Just a wild guess-I bet that you don’t have an estate plan in place. You should, at a minimum, have a valid will and legally designate someone to take care of your financial decisions in the event that you are later incapacitated.
But it’s also a good idea to have a plan that reduces future estate taxes that might be payable by your heirs. Although you can pass wealth to your spouse tax-free, his or her heirs will have to pay the bill later, so that’s not always the best strategy. You may have also heard that the estate tax is going away, but don’t count on it.
Here’s the Cliff Notes version of estate taxation. Under a law passed in 2001, President Bush’s first term of office, the estate tax rate has gradually gone down to its current rate of 45% and the amount of assets that are exempted has increased pretty dramatically, from $1 million per person in 2001 to $2 million in 2008 and $3.5 million in 2009 ($7.5 million per couple). Under that law, the tax will be repealed as of 2010.
So, as long as you can stay alive until 2010, are you safe without an estate plan? Not really. As with most high-cost Congressional tax cuts, this one is incredibly short-lived-only one year in fact. It is due to be reinstated in 2011 with the original $1 million exemption and higher tax rate, unless Congress takes action to kill it permanently-at an estimated cost of about $1 trillion in lost tax revenues for just the first 10 years.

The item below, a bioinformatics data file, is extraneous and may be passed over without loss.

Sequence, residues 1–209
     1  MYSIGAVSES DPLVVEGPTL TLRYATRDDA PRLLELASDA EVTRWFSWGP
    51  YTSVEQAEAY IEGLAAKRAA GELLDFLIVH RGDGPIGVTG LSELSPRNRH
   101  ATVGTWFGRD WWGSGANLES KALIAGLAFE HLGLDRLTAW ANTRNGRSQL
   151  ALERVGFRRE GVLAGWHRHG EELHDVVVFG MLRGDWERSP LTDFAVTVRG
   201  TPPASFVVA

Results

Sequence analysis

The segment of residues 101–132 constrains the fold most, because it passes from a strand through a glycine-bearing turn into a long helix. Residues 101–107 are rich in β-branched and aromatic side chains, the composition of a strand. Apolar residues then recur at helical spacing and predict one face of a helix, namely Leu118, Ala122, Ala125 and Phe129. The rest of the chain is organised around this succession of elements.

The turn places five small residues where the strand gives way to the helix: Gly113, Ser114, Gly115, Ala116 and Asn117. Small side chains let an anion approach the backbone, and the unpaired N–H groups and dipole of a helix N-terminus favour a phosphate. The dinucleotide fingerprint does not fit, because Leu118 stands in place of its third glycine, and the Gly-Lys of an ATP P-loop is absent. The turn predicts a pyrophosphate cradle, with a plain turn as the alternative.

In case you’re wondering, the increase in the estate tax exemption over the last several years has primarily benefited the middle class and small business owners. About five in 1,000 estates will pay the tax this year, and only 3 in 2009. Estate tax revenues have not yet hit the government pocketbook too badly because the very rich are still paying most of their tab.
The upshot of all this is that I wouldn’t count on the estate tax to stay dead. Regardless of the results of the upcoming 2008 elections, it will be hard for Congress to justify a $1 trillion dollar tax cut aimed at the wealthiest Americans, particularly with the federal budget in serious imbalance.
I think it more likely that future law might involve a higher exemption amount. But I literally wouldn’t bet the farm on that. At the $1 million exemption level, about four times as many estates will be subject to the tax, hitting family-owned businesses particularly hard because the business might have to be sold to pay the taxes owed.
So what should you do? First, take an inventory of your wealth-business interests, home equity, retirement accounts, life insurance, and other assets. If the total approaches $1 million or more, you should consult an estate planning professional. This is absolutely not a do-it-yourself component of your financial plan.
An estate lawyer will help you update your will, provide advice regarding planned gifts and bequests, recommend appropriate types of joint ownership of assets, and naming of beneficiaries on investment accounts and life insurance policies. A lawyer can also help you set up trusts that will allow certain assets to avoid taxation and the time-consuming and often expensive probate process after your death.
If you don’t have enough assets to worry about the estate tax, I still advise that you regularly review the terms of your will to ensure that it is consistent with your intentions.
By Vickie Bajtelsmit, Professor of Finance
Colorado State University College of Business